More importantly, however, the unfairness that would result to Nationwide from a new trial is substantial and manifest. Nationwide not only prepared to litigate the merits of the first suit, but actually participated in a hearing on the merits. A review of the transcript of that hearing discloses that it was a full-blown trial and the district court's order, although it relies on the doctrine of collateral estoppel, contains a statement to the effect that the district court found Stebbins to be unemployable.6 Thus, the issues were fully litigated, notwithstanding the district court's failure to follow through with formal findings of facts and our affirmance based upon an alternate, 'non-merits' ground. It would clearly be unfair to burden Nationwide with a second action when the fact that the first action was not decided on the merits is due solely to Stebbins' intentional disregard of the statutory precondition. cf. Restatement (Second) of Judgment § 48.1, comment n (Tent. Draft No. 1, 1973); Weissinger v. United States, 423 F.2d 795 (5th Cir. 1970).7 Had Stebbins not aborted the trial in his efforts to test the statutory procedures, one lawsuit could well have been sufficient to thoroughly air his grievances. We do not believe that the burden of a new trial should be placed upon Nationwide when the fault rests wholly upon Stebbins' shoulders.
For the reasons stated above, the decision of the district court is affirmed.
This action is one of nearly a dozen that Stebbins has been juggling since 1966. Several years ago he launched a new career--suing insurance companies that declined to hire him as a claims adjuster. He has brought actions against no less than six companies in this and the District of Columbia Circuits and has testified that he plans to obtain conflicts between various courts, ultimately to have the pleasure of arguing in the Supreme Court of the United States. See Stebbins v. Keystone Insurance Co., 156 U.S.App.D.C. 326, 481 F.2d 501 at n. 4 (1973)
This same effect was given to Judge Pratt's finding by Judge Gesell in Stebbins v. Keystone Insurance Co., No. 3588--69 (D.D.C. July 8, 1970) and Stebbins v. INA (II), No. 2036--70 (D.D.C. Nov. 1970). The District of Columbia Circuit subsequently held this to be an improper application of the doctrine of collateral estoppel because Judge Pratt's finding of unemployability was an alternate holding to the stronger rationale that Stebbins had not applied to INA. Stebbins v. Keystone Insurance Co., 156 U.S.App.D.C. 326, 481 F.2d 501 (1973)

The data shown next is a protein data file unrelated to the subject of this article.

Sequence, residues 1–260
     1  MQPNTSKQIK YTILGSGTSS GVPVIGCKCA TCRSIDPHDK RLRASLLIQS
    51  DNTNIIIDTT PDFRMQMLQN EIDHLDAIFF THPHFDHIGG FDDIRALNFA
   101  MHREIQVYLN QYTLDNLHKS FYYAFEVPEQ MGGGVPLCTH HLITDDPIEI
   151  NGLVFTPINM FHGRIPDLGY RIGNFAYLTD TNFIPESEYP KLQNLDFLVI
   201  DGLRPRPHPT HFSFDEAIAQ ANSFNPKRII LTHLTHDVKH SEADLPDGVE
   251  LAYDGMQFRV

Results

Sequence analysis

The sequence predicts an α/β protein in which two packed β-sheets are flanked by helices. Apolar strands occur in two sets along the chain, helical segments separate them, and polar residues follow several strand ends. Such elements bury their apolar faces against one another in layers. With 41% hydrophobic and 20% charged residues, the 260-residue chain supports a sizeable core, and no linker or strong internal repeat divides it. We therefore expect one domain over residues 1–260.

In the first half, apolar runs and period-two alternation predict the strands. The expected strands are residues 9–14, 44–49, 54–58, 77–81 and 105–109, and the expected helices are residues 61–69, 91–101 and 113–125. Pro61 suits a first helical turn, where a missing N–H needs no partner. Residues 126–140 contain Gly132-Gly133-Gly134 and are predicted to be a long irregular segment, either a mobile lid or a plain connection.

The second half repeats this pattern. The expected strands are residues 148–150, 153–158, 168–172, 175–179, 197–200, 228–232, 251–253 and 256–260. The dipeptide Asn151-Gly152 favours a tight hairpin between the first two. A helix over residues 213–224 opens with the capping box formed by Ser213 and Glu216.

Subsequent to our affirmance of the earlier suit, the District of Columbia Circuit held that Judge Pratt's decision was not entitled to collateral estoppel effect. See note 2 supra
Our earlier opinion noted that, in related litigation, Stebbins had demonstrated an "intentional, wilful and contemptuous' disregard of both Court and statutory rules and requirements.' Stebbins v. Nationwide Mutual Insurance Company, 469 F.2d 268, 270 (4th Cir. 1970) quoting from Stebbins v. State Farm Mutual Automobile Insurance Company, 134 U.S.App.D.C. 193, 413 F.2d 1100 (1969)
We are informed by the EEOC that issuance of suit letters is a purely ministerial task involving the exercise of no official discretion. Such letters are issued upon request after expiration of the statutorily prescribed waiting period
See, e.g. 9 Wright and Miller, Federal Practice and Procedure: Civil § 2373 at 240 (1971): 'A good argument can be made that after a full trial and decision on the merits of the case a plaintiff should not be allowed to start over by removing an obstacle to suit that it was within its power to remove at any time.'
Professors Wright and Miller take the position that the Weissinger decision may be justified for precisely the same reasons that dictate the result in this case. 9 Wright and Miller, Federal Practice and Procedure: Civil § 2373 at 240--242 (1970). See note 6 supra